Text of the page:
ISLAMABAD: An admission by a federal minister on the role of the World Bank in drafting of a law about apportionment of the country’s natural resources took senators by surprise on Wednesday, prompting the Senate chairman to seek a written response from the petroleum ministry about the extent to which the bank was involved in the matter.
Winding up a discussion on an adjournment motion about the recent move by the federal government to delink the petroleum and natural gas regulator from provincial oversight in direct violation of the Constitution, Minister of State for Petroleum Jam Kamal Khan conceded that the draft Pakistan Petroleum Exploration and Production Regulatory Authority bill had been prepared by a World Bank consultant and that it had been placed before the Council of Common Interests (CCI).
He, however, emphasised that it was merely a draft law and would be given a final shape in consultation with the provinces.
In an effort to downplay whatever he himself had conceded, he added: “Proposals are made and we pick and chose.”
Disclosures by Senator Babar forces minister to admit law was formulated by a consultant of the bank
Speaking on the motion, Senator Farhatullah Babar had said earlier that “a mysterious and unexplained move was afoot to deprive the provinces of their right to develop the petroleum sector by awarding petroleum concessions and vest the federal petroleum ministry with this right in violation of Article 172(3) and other articles in the Constitution introduced under the 18th Amendment”. “And this is being done under the advice of the World Bank.”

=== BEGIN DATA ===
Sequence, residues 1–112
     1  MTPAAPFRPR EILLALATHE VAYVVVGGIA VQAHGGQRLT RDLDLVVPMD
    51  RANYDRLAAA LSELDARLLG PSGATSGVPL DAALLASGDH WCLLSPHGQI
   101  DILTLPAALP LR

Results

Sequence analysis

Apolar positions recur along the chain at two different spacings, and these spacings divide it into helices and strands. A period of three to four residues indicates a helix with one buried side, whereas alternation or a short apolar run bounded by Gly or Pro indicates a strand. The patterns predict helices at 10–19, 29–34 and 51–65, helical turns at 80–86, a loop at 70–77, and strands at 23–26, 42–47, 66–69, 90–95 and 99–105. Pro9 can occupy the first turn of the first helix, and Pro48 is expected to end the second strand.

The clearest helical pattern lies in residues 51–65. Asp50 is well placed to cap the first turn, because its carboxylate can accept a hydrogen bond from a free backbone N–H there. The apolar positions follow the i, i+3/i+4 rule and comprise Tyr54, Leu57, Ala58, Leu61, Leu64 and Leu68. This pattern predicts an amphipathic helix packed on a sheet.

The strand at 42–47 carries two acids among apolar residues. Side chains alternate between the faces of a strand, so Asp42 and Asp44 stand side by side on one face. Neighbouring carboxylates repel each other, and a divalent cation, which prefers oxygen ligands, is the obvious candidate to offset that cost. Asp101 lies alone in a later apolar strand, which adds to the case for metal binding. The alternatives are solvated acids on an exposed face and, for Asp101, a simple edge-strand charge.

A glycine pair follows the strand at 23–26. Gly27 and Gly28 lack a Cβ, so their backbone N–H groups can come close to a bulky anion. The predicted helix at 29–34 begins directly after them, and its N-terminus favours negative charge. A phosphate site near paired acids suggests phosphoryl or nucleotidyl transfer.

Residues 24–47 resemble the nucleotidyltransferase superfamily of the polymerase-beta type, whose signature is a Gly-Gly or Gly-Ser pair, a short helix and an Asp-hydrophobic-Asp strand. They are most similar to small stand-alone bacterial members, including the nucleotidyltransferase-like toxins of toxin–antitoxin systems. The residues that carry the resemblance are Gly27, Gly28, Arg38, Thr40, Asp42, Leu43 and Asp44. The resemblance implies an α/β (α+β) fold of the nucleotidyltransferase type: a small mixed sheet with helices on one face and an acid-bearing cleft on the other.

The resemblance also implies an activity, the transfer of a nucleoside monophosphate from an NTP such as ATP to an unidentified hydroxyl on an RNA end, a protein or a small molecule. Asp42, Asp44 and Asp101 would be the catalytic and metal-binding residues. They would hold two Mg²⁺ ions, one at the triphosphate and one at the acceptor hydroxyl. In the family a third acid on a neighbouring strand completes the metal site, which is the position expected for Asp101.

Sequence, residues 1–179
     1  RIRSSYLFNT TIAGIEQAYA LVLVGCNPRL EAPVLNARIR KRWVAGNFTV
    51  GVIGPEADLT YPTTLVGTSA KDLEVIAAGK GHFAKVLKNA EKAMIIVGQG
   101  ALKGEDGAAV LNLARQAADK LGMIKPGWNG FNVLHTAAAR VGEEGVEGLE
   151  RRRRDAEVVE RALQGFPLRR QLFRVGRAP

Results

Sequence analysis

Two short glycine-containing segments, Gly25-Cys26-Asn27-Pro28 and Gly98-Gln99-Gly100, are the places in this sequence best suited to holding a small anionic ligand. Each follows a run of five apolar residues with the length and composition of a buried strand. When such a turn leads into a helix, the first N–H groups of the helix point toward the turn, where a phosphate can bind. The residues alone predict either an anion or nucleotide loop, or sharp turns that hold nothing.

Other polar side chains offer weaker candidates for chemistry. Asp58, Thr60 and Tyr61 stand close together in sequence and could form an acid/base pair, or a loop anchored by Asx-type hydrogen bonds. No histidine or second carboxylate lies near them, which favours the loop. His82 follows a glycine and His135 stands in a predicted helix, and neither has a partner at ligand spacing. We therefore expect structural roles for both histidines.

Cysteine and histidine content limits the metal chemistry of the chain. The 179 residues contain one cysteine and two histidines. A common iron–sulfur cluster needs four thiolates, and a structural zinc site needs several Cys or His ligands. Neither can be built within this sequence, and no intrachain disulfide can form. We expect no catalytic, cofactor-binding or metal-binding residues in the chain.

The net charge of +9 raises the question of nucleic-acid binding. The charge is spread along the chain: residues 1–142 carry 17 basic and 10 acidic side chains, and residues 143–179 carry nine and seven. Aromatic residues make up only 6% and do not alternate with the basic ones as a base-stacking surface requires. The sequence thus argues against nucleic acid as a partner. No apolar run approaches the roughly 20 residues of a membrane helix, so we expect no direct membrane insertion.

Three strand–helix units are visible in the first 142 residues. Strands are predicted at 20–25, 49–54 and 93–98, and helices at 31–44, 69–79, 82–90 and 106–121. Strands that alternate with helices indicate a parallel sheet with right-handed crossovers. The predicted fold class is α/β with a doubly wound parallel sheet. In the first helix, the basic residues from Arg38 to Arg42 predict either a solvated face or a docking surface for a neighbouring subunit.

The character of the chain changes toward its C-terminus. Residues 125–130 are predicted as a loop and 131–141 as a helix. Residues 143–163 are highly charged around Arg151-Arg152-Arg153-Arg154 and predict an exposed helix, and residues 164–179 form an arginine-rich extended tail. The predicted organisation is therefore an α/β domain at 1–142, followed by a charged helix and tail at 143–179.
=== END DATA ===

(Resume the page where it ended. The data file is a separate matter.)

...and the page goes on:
He said a bill — titled the Pakistan Petroleum Exploration and Production Regulatory Authority Act, 2107 — had already been drawn up to set up an authority to grant and monitor all petroleum concessions and other upstream activities throughout the country. He also read out excerpts from the bill.
The upstream petroleum sector, he said, included exploration and production of oil and natural gas and held key to self-sufficiency in the sector, decrease imports and pave way for massive economic development. Because of massive contracts for exploration blocks, the upstream sector was also the most lucrative.
Interestingly but ominously, said Senator Babar, the bill provided that until the desired authority was set up the federal government by a simple notification could entrust the upstream development work anywhere in the country to the petroleum ministry. “Thus, the proposed bill is just a one-liner that takes away the rights of the provinces and places them in the lap of the petroleum ministry,” he said.
Upon this, Chairman Mian Raza Rabbani asked him to give a copy of the proposed bill to the Senate Secretariat, which he proceeded to do.
Senator Babar said the federal government had neither awarded concessions to exploration companies itself nor allowed the provinces to award such concessions in the five years since the Petroleum Policy of 2012 had been in operation. He then asked why this was so.
“Is this because some powerful lobbies and vested interests are deliberately withholding development of the petroleum sector to allow for import of LNG and other petroleum products?” He called for a thorough investigation into the matter.
Chairman Rabbani sought a written reply from the petroleum ministry by Friday on the extent of the World Bank’s role in the matter.
The parliamentary leader of the PPP in the Senate, Taj Haider, said he had asked Sindh Chief Minister Syed Murad Ali Shah not to discuss the draft law in the CCI and reject it. He said that if the draft became law, even mines would not remain the property of the provincial governments. “The real target of the draft bill is Thar coal,” he remarked.
Published in Dawn, December 14th, 2017